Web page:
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Gold Still Has Plenty Of Upside - Capital Economics

By Kitco News
Monday November 24, 2014 12:01 PM

(Kitco News) - With gold hovering around $1,200 an ounce, commodity analysts at Capital Economics see plenty of long-term potential for the yellow metal as they stick with their call that prices will hit $1,400 an ounce by year-end 2016.

“A rebound to US$1,400 would represent a sizeable 17% gain from current levels at a time when the valuations of many other assets, notably developed market equities and bonds, are looking increasingly stretched,” said Julian Jessop, head of commodity research at Capital Economics.

That target is unchanged from their previous report in October when the analysts said they expect gold hit $1,300 an ounce by the end of next year. In the report, Jessop said gold still has plenty of upside potential as a lot of bad news is already priced in.

“Indeed, given the unfavorable market conditions this year, gold has actually held up remarkably well,” he said in the research note published Monday. “The downside for the gold price from current levels is surely now limited.”

Some of the negatives Jessop lists that have dampened gold recently include a strong U.S. dollar as the Federal Reserve exited its quantitative easing program, the collapse in crude oil prices, reducing inflation fears and stronger equity markets.

“Despite all these negatives, the price of gold has repeatedly found strong support at, or slightly below, the US$1,200 level,” he said.

Jessop said the big unknown and potentially bearish for the gold market is the first Federal Reserve interest rate hike. Capital Economics forecasts that the U.S. central bank could hike rates as early as March, which is much earlier than is currently priced into the market.

However, he said even the first rate hike will have limited impact on the gold market as interest rates are expected to only rise gradually and remain below historical standards.

“The peak in the next interest rate cycle could be less than 4%, a level which previously might have been thought of as a floor for rates. This is unlikely to be a game-changer for gold demand,” he said.

Demand should strengthen among emerging economies as income increases, helping to support gold, Jessop said. Western investors could also jump back into the gold market as a safe-haven investment as geopolitical risks and global economic uncertainty rise, particularly within the Eurozone, he said.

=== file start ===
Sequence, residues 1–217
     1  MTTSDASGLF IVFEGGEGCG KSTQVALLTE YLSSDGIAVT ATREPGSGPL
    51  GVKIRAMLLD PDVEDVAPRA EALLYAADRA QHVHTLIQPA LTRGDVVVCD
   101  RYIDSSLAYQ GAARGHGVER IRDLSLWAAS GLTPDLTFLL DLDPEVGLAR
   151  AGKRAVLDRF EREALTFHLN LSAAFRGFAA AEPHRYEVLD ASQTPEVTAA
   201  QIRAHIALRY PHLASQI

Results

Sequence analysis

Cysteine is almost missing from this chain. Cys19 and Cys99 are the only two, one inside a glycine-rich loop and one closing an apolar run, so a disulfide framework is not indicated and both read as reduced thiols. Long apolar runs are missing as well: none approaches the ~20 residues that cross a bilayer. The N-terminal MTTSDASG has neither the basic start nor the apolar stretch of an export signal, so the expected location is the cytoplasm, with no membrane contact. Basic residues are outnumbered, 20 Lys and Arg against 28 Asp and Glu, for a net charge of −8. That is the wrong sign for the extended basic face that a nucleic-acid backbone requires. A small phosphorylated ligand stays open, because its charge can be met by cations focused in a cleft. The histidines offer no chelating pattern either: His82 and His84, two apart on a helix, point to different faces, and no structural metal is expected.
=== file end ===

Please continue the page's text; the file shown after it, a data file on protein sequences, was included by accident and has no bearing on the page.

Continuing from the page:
He added that they are also expecting central banks from developing country to continue to add the precious metal to their official foreign reserves. Jessop said that although unlikely he would not completely rule out buying from the ECB as part of its quantitative easing strategy or from the Swiss National Bank. Swiss voters will decide in a Nov. 30 referendum whether or not to force the SNB to increase its gold holdings to 20% of its official reserves within five years.

Jessop appears to be market neutral on gold supply. With gold at $1,200 an ounce, he said that prices are not far above the costs of mining new gold; however, those costs could come down as energy prices start to drop and the industry finds new efficiency savings.

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By Neils Christensen of Kitco News; nchristensen@kitco.com



Disclaimer: The views expressed in this article are those of the author and may not reflect those of Kitco Metals Inc. The author has made every effort to ensure accuracy of information provided; however, neither Kitco Metals Inc. nor the author can guarantee such accuracy. This article is strictly for informational purposes only. It is not a solicitation to make any exchange in precious metal products, commodities, securities or other financial instruments. Kitco Metals Inc. and the author of this article do not accept culpability for losses and/ or damages arising from the use of this publication.
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